Lambrick Park Grade 11 student Tyler Maxwell

Lambrick Park Grade 11 student Tyler Maxwell

Trades training in Greater Victoria School District helps build community

Leadership, community contributions in spotlight thanks to school district

A trades program at Lambrick Park secondary opened its door to more than just high school students last week.

Teens in the TASK program (Trades Awareness Skills Knowledge) showed a crew of kids from Gordon Head middle school around their small construction site for a couple of days, culminating in building a shed to benefit the preschool program at the rec centre next door.

The Gordon Head pre-teens were on hand as part of a two-day Spotlight on Trades program, set up by Anna Lisa Bond, the Greater Victoria School District’s middle school co-ordinator for career initiatives.

“It excites me to hear young people feeling excited about the possibilities in their futures and seeing options before them that they didn’t know they had,” Bond said.

Focused on trades and technical training opportunities, and leadership and community building, spotlights are designed to strengthen the connection and relationship between high schools and their feeder middle schools. Grade 8 students attend a one- or two-day experience in a particular trade (in Lambrick’s case, carpentry), and the high school students practise leadership skills by mentoring middle school students.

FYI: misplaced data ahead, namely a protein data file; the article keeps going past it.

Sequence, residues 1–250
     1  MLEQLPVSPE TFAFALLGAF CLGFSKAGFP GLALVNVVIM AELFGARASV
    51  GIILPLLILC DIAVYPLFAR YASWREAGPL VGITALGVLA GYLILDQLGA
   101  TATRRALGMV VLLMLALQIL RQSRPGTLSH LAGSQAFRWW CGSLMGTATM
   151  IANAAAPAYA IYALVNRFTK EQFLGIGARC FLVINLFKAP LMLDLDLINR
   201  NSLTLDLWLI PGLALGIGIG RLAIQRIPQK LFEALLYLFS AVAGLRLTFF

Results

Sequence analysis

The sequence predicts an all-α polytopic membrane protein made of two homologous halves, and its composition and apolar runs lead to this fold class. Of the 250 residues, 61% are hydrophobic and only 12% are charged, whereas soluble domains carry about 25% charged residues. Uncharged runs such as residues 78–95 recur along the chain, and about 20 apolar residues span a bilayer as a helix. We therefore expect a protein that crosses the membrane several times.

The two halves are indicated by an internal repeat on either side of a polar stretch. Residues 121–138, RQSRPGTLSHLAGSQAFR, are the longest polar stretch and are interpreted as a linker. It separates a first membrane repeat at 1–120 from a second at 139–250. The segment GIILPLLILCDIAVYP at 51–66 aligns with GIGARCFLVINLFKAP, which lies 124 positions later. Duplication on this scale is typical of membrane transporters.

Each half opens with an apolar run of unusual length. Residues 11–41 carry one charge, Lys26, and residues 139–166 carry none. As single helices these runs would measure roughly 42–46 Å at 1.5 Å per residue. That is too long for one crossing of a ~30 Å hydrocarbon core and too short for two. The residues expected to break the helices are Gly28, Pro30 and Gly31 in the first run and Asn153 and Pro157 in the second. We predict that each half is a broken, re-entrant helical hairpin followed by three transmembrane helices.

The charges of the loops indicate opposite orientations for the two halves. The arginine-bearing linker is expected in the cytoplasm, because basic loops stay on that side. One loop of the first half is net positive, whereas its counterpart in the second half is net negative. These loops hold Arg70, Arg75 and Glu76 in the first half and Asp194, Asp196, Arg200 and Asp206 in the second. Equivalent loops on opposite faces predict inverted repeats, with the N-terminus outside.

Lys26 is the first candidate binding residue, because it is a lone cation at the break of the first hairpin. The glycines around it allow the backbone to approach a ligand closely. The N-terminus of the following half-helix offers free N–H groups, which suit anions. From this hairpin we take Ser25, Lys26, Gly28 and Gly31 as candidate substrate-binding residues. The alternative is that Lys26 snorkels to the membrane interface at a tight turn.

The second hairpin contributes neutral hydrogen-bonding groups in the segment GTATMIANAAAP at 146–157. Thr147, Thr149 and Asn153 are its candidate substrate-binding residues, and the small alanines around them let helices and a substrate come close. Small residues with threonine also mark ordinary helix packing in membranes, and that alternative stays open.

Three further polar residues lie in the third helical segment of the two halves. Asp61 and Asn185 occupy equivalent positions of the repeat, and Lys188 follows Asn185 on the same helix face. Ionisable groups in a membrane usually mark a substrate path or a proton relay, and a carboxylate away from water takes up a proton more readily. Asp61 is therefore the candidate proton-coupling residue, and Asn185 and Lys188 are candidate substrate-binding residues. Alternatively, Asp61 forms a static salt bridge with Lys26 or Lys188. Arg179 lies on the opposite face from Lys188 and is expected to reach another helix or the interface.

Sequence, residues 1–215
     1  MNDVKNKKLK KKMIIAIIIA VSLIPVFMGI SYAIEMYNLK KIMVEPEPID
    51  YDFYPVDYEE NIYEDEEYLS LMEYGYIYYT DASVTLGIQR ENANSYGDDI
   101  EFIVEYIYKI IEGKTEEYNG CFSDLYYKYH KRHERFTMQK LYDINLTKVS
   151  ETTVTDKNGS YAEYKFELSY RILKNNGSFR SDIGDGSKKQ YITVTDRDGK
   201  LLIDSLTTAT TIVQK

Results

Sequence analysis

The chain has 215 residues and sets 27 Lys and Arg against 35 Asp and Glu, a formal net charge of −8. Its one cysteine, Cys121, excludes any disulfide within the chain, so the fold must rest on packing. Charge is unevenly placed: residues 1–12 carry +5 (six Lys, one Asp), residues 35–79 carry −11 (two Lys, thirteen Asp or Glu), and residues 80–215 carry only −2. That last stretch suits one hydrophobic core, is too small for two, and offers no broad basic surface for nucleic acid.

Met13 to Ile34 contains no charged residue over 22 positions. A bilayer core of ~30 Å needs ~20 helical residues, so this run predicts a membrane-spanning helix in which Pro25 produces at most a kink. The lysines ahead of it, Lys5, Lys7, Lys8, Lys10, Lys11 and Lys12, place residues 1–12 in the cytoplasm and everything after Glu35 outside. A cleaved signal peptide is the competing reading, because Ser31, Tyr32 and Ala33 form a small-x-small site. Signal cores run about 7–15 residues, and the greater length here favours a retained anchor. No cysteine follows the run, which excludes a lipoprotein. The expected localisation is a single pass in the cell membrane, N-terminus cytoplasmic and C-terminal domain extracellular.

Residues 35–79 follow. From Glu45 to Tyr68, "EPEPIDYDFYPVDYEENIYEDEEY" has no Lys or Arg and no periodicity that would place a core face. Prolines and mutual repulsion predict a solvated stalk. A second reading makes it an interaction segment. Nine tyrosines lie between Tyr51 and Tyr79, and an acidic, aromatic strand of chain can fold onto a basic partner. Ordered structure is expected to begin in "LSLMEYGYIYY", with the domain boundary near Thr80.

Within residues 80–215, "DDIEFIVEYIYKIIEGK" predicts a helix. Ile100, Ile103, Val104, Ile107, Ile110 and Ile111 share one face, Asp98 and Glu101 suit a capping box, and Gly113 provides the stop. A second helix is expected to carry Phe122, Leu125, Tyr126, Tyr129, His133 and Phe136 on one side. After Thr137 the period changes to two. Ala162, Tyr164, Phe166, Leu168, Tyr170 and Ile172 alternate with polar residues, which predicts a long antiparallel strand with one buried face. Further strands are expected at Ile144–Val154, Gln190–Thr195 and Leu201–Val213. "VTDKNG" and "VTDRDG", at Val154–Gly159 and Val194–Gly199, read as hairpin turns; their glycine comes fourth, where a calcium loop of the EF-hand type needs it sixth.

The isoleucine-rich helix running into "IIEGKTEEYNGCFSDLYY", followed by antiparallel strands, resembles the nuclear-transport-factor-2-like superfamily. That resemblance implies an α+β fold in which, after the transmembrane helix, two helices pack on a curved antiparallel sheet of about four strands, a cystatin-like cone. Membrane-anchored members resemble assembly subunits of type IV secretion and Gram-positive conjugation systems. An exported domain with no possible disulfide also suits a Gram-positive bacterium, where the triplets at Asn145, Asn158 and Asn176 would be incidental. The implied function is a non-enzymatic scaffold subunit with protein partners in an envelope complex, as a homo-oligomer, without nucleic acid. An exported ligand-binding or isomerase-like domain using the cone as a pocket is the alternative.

“It’s a good learning experience,” said Tyler Maxwell, a Grade 11 student in the TASK program.

The spotlight provided an opportunity to pass down the skills and knowledge he’s learned in high school.

“A lot of them, just from this experience, want to be in construction,” he said. “Or, like me, eliminate it (as a career choice).”

For Grade 7 students Jackson Orlick, 13 and Matt Clark, 12, working with Maxwell is simply a great way to spend a school day.

“I like building things so it’s fun,” Orlick said. “I’d like to do construction. I haven’t ruled out anything yet.”

Lambrick’s TASK teacher, Todd Buchanan, said the younger kids were keen during the two days of working with hand tools.

“It’s definitely important to get them excited about it early on and show them it’s a viable option, or at least a skill worth knowing,” he said.

Charlene Parker, manager of the Gordon Head Rec Centre, says she’s thankful her rec centre – and the Victoria Nature Preschool program, more specifically – benefitted from the spotlight program.

“We don’t have a lot of budget (to build a shed ourselves). It’s a $1,000 investment for us that they’re donating.”